Clio RS 200 vs Renault 5 GT turbo
We pit the Renaultsport Clio 200 against the veteran Renault 5 GT turbo
|Specs||Renaultsport Clio 200||Renault 5 GT turbo|
|Price new||£18,995||(1988) £9,050|
|Engine||1.6-litre 4cyl turbo||1.4-litre 4cyl turbo|
|0-60mph||6.7 seconds||7.1 seconds|
For a nation that revels in its cultural and gastronomic indifference towards the UK, France has tried very hard to tempt us into its hot hatches over the years. From the earliest Gordinis and Alpines to today’s Renaultsports, Renault – as well as Peugeot and Citroen – has a better understanding of UK hot hatch tastes than any other nation.
The latest rapid Renault is the Clio 200 – and it has a lot to live up to, as it replaces one of the most engaging and agile hot hatches of its generation. On the face of it, there’s plenty to like; it looks amazing, features a thumping 197bhp engine and was developed by the same team that fine-tuned the previous model.
It’s also incredibly quick, covering 0-60mph in only 6.7 seconds, with plenty of mid-range pull. Yet the Clio 200 feels less than the sum of its parts. A return to turbocharging has taken away the previous model’s raw edge and rev-hungry character, while the lack of a manual box option further alienates those who like to call the shots at the wheel.
The six-speed dual-clutch EDC auto is smooth, but it isn’t as quick as it should be, and it’s hampered by notchy, oversized paddles. Renault’s switch to turbocharged power for its hot hatch marks a return to the tech that underpinned one of its most famous pocket rockets. The 5 GT turbo, launched in 1985, was a problem child from the start.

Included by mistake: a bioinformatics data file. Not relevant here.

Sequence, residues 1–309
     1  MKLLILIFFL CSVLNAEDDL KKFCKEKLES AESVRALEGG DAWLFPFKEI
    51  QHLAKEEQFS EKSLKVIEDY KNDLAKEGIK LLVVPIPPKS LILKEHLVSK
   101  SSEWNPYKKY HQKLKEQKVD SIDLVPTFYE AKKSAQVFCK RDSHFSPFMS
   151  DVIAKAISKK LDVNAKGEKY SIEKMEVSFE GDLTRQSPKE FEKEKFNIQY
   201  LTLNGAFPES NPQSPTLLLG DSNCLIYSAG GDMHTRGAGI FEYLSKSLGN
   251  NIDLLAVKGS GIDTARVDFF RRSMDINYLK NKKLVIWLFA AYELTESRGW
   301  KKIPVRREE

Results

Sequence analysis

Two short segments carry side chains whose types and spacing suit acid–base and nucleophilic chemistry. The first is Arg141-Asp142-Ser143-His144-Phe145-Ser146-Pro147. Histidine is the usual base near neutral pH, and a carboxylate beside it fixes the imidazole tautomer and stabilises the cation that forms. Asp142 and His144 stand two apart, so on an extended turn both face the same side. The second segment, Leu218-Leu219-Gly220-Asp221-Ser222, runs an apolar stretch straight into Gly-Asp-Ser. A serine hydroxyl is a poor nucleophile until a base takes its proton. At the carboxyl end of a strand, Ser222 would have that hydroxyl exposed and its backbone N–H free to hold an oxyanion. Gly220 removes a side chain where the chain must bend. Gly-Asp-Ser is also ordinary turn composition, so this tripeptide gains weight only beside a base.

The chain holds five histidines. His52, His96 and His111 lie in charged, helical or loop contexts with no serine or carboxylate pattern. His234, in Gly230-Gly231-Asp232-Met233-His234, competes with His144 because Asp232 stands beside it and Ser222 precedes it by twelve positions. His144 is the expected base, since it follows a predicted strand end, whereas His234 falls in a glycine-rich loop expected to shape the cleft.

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It acquired an unwelcome reputation for overheating, turbo lag and a reluctance to start when hot – flaws notable by their absence in the rally-inspired Peugeot 205 GTi that quickly knocked the stuffing out of Renault’s sales plan for its ageing 5. So the company launched a Phase II in 1987.
It was more reliable, easier to live with and, with a power boost from 115bhp to 120bhp, even more fun to drive. All these years later, there’s something special and exotic about the 5 GT turbo. Lift the back-to-front bonnet and you can’t help but be impressed with how busy it all seems.
However, you soon realise that most of the pipes, fans, cowls and ducting are there to get around the problems of having a very hot, very overworked engine shoe-horned into a space it wasn’t really designed for. The combination of Garrett T2 turbo, old-fashioned carburettor and sixties pushrod engine was always going to be trouble, but it’s a testament to Renault’s engineering that the whole thing hangs together so well.
Driving the 5 GT is a great experience, and a reminder of how far turbocharging technology has advanced over the decades. Turbo lag – the Achilles’ heel of many hot hatches way back in the late eighties – is impossible to escape, and it’s easy tolet the engine go off the boil. It’s also incredibly difficult to maintain a steady cruising speed, as the turbo wants tospin up at 70mph in fifth.
However, these inherent flaws are very easy to forgive once you’re on the open road. The GT turbo doesn’t seem like a mass-produced model that’s designed to please a marketing department. It looks and feels like a car developed by engineers wanting to do something different.
In contrast to the XR2, the Renault also feels special inside. The chunky three-spoke wheel looks like it could’ve been taken straight out of a works rally car, while the heavily bolstered seats grip in all the right places. Even the classic Jaeger dials look the part.
This car may not have been the hot hatch that defined the eighties, but in many respects it was the most adventurous. For all its flaws, it perfectly captures the essence of performance motoring. A guaranteed future classic.